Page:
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During the late Middle Ages, a slow transition began from the traditional wooden houses in towns and villages towards half-timbered properties.One of the oldest in Denmark is Anne Hvides Gård, a two-storeyed townhouse in Svendborg on the island of Funen, which was constructed in 1560.Oak frames were used for the walls, and the roofs were probably thatched.Viking ring houses, such as those at Trelleborg, near Slagelse on the Danish island of Zealand, have a rather different, ship-like shape, the long walls bulging outwards.It was commissioned by the Danish nobleman Jens Holgersen Ulfstand who called on the services of Adam van Düren, a North German master who also worked on Lund Cathedral.The building contains many defensive features of the times, including parapets, false doors, dead-end corridors, murder-holes for pouring boiling pitch over the attackers, moats, drawbridges and various other death traps to protect the nobles against peasant uprisings.In parallel, the half-timbered style became popular for ordinary dwellings in towns and villages across the country.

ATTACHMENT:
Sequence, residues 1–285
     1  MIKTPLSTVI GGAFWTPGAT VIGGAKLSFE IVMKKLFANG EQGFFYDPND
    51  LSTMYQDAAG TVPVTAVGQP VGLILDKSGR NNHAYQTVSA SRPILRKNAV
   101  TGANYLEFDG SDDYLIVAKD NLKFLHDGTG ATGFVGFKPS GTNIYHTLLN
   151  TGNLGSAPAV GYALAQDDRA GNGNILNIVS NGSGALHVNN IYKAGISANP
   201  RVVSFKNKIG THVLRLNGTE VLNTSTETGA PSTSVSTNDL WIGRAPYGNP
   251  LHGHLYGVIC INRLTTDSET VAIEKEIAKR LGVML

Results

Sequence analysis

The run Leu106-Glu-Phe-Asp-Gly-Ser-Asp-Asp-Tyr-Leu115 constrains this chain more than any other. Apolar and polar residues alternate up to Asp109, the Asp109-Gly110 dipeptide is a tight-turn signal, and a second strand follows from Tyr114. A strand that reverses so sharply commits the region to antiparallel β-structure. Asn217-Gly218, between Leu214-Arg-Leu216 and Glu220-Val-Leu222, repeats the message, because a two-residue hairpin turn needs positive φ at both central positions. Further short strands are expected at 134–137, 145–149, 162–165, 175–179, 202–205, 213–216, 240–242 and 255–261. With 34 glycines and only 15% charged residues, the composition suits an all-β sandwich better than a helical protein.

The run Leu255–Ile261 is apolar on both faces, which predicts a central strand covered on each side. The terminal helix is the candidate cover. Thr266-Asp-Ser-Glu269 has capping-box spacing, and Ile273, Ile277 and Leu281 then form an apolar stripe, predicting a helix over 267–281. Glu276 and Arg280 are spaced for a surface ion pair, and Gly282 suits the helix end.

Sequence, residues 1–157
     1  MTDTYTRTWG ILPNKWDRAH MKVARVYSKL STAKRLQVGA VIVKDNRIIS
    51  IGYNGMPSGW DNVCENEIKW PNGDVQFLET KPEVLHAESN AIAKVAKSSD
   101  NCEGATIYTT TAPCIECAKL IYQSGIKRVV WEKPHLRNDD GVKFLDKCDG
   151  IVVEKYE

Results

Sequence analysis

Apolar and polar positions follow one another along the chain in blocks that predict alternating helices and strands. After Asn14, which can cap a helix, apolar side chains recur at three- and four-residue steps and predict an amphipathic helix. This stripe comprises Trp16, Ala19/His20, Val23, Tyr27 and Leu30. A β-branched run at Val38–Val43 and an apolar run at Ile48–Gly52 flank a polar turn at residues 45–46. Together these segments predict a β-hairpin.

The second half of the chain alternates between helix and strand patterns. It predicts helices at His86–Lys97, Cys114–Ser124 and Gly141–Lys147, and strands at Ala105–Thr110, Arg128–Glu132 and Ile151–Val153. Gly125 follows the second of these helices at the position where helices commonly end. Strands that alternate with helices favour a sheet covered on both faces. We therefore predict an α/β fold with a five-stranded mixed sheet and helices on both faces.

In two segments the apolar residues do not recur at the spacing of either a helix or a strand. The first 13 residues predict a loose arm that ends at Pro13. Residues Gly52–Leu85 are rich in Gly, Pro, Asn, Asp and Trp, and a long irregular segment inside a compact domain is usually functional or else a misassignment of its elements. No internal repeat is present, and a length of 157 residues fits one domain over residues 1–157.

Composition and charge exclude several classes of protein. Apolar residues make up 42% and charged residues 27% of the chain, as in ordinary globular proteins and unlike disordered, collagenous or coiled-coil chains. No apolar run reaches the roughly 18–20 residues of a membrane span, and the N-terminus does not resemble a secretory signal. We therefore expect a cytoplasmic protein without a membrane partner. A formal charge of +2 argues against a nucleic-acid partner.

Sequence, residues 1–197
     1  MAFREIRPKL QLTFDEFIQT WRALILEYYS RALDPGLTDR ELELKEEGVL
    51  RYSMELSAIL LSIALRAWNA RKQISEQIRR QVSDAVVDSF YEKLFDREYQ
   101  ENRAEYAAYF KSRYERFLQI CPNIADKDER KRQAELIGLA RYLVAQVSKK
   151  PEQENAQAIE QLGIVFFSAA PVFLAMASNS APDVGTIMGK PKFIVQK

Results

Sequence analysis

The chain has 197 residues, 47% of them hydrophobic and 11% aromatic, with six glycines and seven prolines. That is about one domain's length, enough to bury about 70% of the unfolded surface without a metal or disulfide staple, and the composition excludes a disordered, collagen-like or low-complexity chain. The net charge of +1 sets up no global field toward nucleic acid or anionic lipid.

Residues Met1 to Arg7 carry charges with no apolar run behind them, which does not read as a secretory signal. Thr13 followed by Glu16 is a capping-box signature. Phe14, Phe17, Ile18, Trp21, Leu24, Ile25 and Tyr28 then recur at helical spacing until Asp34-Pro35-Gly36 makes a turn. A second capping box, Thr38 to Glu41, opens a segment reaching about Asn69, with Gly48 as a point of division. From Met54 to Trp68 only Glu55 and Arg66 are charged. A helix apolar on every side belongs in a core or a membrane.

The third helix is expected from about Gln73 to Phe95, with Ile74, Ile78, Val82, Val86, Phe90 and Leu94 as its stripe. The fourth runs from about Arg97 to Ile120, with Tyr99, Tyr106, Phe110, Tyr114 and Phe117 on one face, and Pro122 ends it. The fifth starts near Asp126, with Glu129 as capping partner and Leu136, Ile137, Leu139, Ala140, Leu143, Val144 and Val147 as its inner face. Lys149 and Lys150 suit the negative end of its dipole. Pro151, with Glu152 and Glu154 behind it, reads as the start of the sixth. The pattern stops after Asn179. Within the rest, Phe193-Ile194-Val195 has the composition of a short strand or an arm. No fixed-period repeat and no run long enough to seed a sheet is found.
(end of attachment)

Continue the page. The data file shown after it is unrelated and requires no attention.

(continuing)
This, in turn, has evolved into more recent world-class masterpieces such as the Sydney Opera House and the Great Belt Bridge paving the way for a number of Danish designers to be rewarded for excellence both at home and abroad.The oldest surviving half-timbered house in Denmark, built in 1527, is located in Køge on the east coast of Sealand.The Old Town in Aarhus, Jutland, is an open-air village museum consisting of 75 historical buildings collected from all parts of the country.Granite boulders and limestone were initially the preferred building materials, but after brick production reached Denmark in the middle of the 12th century, brick quickly became the material of choice.The church at Østerlars on the island of Bornholm was built around 1150.

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